For the third year in a row, Florida is giving up on collecting more than $100 million in taxes, fees and fines owed the state.
But the amount of money the state is walking away from continues to grow. Data released this past month shows that the state forgave $124.2 million in the fiscal year that ended June 30.
Florida in 2011 wrote off $110.5 million as uncollectable, while the number was more than $109 million the year before.
The overall amount of money that Florida is losing is small compared with the size of the state's annual $70 billion budget. But the failure to collect the money comes amid year after year of state budget cuts.
State Sen. Joe Negron, R-Stuart and the new Senate budget chief, said even though the amount is small he still wants the Legislature to re-examine whether the state is doing enough to collect money it is owed.
"We want to be circumspect and prudent with every dollar we have available to us in the state budget," Negron said. "We'll take a fresh look at that number and see if there is any possibility of reducing that amount."
A large portion - nearly $37 million - that was written off by state officials was unpaid taxes, including sales taxes, corporate income taxes and unemployment taxes.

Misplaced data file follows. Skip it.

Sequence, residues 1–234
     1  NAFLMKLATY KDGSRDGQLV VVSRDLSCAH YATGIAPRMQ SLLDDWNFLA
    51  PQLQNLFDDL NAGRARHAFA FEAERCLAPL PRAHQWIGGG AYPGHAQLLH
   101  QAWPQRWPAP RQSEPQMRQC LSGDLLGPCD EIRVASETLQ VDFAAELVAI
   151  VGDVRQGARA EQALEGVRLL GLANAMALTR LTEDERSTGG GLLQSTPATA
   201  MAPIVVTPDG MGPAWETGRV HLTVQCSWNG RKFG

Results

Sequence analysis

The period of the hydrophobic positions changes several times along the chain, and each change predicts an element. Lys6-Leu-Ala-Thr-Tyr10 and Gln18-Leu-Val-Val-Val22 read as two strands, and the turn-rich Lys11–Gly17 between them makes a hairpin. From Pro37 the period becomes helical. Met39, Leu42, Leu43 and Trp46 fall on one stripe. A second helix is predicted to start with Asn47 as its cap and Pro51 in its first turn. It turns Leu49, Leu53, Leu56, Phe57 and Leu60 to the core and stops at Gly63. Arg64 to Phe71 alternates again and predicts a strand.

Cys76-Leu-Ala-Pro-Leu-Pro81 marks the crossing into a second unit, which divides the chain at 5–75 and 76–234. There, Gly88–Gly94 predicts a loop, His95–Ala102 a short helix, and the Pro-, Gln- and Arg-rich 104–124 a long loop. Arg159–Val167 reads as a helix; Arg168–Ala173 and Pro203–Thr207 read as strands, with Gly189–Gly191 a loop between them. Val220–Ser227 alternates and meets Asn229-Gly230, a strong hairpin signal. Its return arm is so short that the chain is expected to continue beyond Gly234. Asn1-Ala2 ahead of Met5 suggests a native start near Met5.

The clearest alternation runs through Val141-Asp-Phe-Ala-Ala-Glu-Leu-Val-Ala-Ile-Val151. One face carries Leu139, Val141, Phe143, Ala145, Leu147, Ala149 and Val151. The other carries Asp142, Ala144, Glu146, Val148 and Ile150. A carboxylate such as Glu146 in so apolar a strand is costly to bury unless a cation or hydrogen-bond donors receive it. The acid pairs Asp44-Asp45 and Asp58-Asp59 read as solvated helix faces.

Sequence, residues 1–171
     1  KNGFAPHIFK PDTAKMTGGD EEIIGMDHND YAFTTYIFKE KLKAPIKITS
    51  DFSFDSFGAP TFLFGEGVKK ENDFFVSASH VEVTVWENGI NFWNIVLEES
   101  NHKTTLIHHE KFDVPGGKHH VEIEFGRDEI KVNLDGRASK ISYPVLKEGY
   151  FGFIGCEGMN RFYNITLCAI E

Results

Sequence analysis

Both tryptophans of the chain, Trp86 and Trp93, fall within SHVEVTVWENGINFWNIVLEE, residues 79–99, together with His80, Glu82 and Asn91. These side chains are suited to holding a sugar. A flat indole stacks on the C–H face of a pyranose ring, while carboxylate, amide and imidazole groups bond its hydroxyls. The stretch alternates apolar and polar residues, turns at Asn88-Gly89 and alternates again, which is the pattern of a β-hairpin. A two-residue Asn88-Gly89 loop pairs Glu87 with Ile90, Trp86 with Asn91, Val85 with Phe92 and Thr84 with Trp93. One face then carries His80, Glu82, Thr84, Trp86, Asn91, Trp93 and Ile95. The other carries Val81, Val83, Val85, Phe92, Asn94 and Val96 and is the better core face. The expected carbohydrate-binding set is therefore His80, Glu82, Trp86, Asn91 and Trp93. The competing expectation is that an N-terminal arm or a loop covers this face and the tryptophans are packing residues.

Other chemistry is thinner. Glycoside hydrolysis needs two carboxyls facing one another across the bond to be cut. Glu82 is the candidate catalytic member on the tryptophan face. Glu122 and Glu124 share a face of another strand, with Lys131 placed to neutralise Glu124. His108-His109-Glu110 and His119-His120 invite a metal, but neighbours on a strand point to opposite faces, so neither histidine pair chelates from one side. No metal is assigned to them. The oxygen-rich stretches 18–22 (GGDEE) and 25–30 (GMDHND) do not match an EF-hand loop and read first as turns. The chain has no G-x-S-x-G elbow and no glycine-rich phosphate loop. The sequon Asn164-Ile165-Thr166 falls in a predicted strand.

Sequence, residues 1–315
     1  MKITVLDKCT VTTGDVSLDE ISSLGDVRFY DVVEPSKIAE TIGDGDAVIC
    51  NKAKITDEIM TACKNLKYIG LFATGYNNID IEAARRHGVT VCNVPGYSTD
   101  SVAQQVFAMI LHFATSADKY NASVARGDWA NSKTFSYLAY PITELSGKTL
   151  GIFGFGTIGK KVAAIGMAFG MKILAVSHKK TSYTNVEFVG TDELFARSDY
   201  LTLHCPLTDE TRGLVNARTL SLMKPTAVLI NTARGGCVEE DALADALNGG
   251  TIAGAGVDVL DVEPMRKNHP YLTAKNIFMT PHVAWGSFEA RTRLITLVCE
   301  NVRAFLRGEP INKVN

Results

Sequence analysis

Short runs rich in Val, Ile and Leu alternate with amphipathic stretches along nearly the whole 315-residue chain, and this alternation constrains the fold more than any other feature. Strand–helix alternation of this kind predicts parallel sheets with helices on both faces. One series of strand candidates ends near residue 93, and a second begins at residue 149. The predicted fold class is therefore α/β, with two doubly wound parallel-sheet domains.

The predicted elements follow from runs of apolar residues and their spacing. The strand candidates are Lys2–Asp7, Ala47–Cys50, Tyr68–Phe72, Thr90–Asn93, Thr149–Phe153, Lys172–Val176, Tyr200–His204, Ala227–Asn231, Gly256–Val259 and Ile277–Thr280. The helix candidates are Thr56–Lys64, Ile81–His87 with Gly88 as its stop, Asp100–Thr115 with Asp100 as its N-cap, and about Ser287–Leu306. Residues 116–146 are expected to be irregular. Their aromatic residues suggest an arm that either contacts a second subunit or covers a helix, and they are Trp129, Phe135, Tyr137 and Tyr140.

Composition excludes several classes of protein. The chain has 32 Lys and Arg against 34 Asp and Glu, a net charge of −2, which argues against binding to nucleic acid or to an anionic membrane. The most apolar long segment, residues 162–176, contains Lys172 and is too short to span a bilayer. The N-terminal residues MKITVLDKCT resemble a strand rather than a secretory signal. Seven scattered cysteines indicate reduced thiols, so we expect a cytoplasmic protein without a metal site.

A breakdown provided by the Department of Revenue shows that $15.4 million that was forgiven was sales taxes owed by businesses. Stores and other businesses are required to collect and then hand over the state's 6 percent sales tax.
The agency also forgave $13.4 million in unpaid income taxes from corporations.
This year the state also closed the books on trying to collect back nearly $30.7 million that was overpaid to people receiving unemployment compensation checks. These overpayments were made when the state's jobless rate was rising between the years of 2006 and 2009.
James Miller, a spokesman with the Department of Economic Opportunity, pointed out that the amount of money written off represents just 1.3 percent of the unemployment compensation benefits the state was paying annually.
The names of businesses and residents that owed money to the Department of Revenue and had their tax bills waived are kept confidential under state law. The names of people who received too much in jobless benefits is also exempt from the state's public records law.
The Agency for Health Care Administration reported that it waived collection of nearly $14 million that the state paid too much to more than 100 health care providers treating patients in the state's Medicaid program.
Shelisha Coleman, a spokeswoman for the agency, however, said that even though the debt has been forgiven that "the agency will continue to try to recoup taxpayer dollars." Coleman said if the provider files for reimbursement of a new claim then the agency can place a lien on that claim in order to recover the overpayment.
Coleman, however, said in most cases collections are unsuccessful because either someone is dead or in jail, or the company is dissolved or has filed for bankruptcy.
This year's total amount that is being waived also includes nearly $800,000 in fines owed to the Florida Commission on Ethics by public officials and others. Republican legislative leaders have already said they may enact new measures in the coming year that make it harder for elected officials to refuse to pay the fines.